I never liked jazz music because jazz music didn’t resolve. But I was outside the Bagdad Theater in Portland one night when I saw a man playing the saxophone. I stood there for fifteen minutes, and he never opened his eyes. After that I liked jazz music. Sometimes you have to watch somebody love something before you can love it yourself. It is as if they are showing you the way. I used to not like God because God didn’t resolve. But that was before any of this happened. — Donald Miller, Blue Like Jazz
When I was a kid, I didn’t like math. It all started with asthma attacks. I’d miss a whole chunk of classes in first and second grade. Hence, I missed the very basics of math. The math whiz in class was my best friend. In exchange for fixing his English grammar and letting him copy the right spelling of words from me, he had to do my Math homework and coach me during quizzes. Our teacher suspected something was amiss so she split us up and placed us on opposite sides of the room. We resorted to pretending to throw trash and picking up the answers to the quizzes from the garbage can (yes, my dear readers, I was a manipulative, scheming little creature then and if not for the grace of God, I’d still be wrapping people around my pinkie finger now just to be on top). We stopped being best friends when I took the top spot from him in third grade. From then on, math was something that I had to learn in order to perform and stay on top, but I was not into it. I found math dreary and boring and just too complex and unlovable. At best I was apathetic towards it; at worst, I loathed it for not being as easy as history, grammar, writing, and spelling.
When I was in junior year in high school, I was given the opportunity of a lifetime–the option to take the ACET (Ateneo College Entrance Test) along with the seniors. If I passed, I need not take it in my senior year, I get to pick my degree course, and best of all, I get PAID for studying for the summer at the Ateneo de Manila under the tutelage of their best college professors. To make the long story short, I found myself with other almost-seniors from all over Metro Manila and from the other major cities of the Philippines taking college summer classes at the ADMU. I had excellent professors–Danton Remoto for literature, James Simpas for physics, etc. But what made the summer unforgettable was the renowned Math-tinik host, Queena Lee-Chua. She was my algebra and trigonometry professor. I never had a math teacher like her. When she taught, her eyes shone and she bobbed up and down in excitement while discussing matrices and logarithms. Her enthusiasm was contagious. I realized math could be simple and it could be something I can fall in love with. Math became one of my favorite subjects after that. I surprisingly even aced calculus, statistics and economics in college. But first, I had to watch a math evangelist share her passion and not just share it, but teach it and its principles so well one would find it hard not to love it.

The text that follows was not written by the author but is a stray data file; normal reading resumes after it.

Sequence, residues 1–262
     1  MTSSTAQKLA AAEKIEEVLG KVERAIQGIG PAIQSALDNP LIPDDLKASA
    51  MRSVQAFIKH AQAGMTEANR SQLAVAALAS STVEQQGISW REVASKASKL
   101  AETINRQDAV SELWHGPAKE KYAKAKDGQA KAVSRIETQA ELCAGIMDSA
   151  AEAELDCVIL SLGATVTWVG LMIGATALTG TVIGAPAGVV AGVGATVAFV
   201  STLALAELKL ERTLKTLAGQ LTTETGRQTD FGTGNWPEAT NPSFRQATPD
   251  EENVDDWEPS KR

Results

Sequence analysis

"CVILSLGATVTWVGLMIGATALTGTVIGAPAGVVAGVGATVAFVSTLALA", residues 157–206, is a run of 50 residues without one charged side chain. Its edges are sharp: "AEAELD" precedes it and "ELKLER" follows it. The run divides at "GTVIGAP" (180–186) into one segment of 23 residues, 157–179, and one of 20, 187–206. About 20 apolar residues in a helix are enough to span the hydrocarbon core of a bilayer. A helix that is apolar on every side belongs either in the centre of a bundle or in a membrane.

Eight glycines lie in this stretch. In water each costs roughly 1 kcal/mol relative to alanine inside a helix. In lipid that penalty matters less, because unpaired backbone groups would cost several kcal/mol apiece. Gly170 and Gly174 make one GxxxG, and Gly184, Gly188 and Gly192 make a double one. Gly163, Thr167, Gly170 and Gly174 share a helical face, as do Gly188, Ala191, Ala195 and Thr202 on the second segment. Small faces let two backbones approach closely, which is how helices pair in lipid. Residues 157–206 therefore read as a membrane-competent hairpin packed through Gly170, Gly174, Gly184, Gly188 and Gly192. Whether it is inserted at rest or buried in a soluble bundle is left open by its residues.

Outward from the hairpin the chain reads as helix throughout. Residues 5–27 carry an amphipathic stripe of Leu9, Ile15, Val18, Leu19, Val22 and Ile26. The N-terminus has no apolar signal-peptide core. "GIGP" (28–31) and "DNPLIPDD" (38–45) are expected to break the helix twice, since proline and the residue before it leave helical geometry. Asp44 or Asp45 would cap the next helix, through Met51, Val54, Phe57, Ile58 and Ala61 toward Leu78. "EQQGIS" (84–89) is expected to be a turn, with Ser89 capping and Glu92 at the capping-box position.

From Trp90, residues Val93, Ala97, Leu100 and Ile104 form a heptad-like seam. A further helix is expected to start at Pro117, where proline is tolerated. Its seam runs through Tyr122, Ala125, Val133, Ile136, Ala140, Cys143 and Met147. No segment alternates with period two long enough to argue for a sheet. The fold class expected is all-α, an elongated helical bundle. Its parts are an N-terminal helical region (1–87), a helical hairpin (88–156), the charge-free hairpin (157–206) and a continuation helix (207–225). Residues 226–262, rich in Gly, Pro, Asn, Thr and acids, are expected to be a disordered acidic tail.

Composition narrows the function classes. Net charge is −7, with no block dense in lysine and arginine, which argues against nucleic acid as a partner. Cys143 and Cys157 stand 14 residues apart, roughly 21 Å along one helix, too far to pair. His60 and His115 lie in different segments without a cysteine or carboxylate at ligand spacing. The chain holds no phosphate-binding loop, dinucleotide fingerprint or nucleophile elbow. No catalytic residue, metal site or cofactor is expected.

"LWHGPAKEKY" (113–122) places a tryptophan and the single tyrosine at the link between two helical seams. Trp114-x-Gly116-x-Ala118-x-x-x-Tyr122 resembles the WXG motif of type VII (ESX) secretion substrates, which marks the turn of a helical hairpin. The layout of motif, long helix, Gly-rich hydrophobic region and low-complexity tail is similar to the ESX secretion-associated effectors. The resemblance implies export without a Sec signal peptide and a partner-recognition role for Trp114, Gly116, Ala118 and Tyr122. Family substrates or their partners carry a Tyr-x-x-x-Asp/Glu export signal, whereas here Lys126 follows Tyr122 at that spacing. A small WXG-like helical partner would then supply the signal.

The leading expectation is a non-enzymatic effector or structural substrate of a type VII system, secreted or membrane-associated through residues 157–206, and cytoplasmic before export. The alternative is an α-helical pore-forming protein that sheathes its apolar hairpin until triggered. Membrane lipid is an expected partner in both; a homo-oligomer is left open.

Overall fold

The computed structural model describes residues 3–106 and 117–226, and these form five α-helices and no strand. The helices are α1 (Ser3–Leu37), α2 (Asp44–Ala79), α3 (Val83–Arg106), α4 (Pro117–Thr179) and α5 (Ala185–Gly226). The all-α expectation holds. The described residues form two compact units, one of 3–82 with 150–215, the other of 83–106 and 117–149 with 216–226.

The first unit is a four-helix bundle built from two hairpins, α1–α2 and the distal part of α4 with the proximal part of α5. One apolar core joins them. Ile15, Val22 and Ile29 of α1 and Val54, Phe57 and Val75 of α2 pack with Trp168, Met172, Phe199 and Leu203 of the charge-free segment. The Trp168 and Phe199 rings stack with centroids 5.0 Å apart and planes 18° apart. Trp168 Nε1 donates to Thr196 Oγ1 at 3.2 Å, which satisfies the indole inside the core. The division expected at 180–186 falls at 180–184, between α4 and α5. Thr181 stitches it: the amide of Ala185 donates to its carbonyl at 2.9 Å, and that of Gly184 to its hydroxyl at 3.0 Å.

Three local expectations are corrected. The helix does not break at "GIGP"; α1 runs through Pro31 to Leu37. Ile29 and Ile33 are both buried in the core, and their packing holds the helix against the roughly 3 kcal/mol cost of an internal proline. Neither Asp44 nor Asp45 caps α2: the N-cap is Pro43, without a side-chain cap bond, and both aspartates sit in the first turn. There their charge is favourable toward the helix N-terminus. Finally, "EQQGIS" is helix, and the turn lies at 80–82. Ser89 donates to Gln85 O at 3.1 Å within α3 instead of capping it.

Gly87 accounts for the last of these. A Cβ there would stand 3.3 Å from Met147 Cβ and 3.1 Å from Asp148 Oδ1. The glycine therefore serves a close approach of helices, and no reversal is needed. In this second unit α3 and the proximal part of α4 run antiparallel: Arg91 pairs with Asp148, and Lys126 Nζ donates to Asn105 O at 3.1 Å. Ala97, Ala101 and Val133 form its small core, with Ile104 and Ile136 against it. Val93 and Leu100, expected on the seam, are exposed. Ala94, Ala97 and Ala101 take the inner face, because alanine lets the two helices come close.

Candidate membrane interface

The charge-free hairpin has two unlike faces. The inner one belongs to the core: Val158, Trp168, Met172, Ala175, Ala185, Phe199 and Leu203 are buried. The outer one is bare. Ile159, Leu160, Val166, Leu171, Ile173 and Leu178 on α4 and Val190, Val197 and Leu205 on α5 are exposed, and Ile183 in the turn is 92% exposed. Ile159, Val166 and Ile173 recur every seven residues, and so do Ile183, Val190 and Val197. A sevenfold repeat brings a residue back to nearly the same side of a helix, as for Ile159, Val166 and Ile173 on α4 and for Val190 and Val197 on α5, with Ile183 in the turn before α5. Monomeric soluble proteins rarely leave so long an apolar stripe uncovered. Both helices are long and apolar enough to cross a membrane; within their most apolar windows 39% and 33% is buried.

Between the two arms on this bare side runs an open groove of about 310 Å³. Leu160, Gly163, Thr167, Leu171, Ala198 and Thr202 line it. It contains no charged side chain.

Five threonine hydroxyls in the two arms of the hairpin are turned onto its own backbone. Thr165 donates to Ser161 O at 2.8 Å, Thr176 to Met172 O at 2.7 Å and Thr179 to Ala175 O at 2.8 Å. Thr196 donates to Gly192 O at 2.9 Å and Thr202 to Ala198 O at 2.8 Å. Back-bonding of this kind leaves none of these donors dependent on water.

Just like I found it hard to love math, I found it hard to love a God who seemed remote and stiff… or so I thought, from years of enduring the rigors of routine and tradition. I have nothing against valuing tradition but in my case, it prevented me from appreciating and from being in awe of God. I attended church just to keep my perfect-daughter image (and also to keep tabs on cute altar boys =P), but I couldn’t care less about what God thought of my little schemes and manipulations.
Then, in college, I met a bunch of people who were weird– not because they wore crazy clothes or talked gibberish, but because I saw that they really loved God and they really loved people. It was unbelievable. They loved people who were jerks and who were losers in the eyes of the world–the most unlovable ones (although looking back, I must have been a tad annoying and unlovable too, but I loved myself so much I thought I was amusing company =P). They worshiped a God who didn’t even show Himself to them or even just create fireworks to announce His presence. But because of the kind of devotion I could see in their lives, I stayed to observe and to find out WHY they love.
That was when I realized that God proves Himself real not in any of the astounding miracles He could do, but in the daily change we observe in our lives when we surrender our hearts to Him. My desires and motivations changed and hence, my actions and words changed as well. I knew I was a different person and that I was transformed by a power outside my control. If I could choose anything to leave behind in this life, I would choose to leave a life marked with so much love from God and for God–a love that overflows and that allows for loving others, even the most unlovable in the eyes of the world.
What is more, I consider everything a loss because of the surpassing worth of knowing Christ Jesus my Lord, for whose sake I have lost all things. I consider them garbage, that I may gain Christ. — Philippians 3:7-9